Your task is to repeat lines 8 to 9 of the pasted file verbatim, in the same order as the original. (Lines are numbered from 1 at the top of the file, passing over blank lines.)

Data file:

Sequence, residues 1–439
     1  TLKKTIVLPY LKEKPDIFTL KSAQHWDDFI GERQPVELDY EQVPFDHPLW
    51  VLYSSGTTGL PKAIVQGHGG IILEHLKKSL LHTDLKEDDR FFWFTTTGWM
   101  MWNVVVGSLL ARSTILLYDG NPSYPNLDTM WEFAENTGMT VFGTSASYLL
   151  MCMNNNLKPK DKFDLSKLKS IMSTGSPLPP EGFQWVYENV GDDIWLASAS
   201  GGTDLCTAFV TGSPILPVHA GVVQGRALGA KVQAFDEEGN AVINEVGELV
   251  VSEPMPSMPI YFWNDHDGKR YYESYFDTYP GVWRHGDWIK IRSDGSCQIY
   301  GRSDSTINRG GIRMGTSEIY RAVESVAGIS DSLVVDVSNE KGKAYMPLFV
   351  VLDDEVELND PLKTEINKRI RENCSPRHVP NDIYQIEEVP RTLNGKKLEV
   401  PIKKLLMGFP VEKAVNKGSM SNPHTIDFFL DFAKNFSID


   301  GRSDSTINRG GIRMGTSEIY RAVESVAGIS DSLVVDVSNE KGKAYMPLFV
   351  VLDDEVELND PLKTEINKRI RENCSPRHVP NDIYQIEEVP RTLNGKKLEV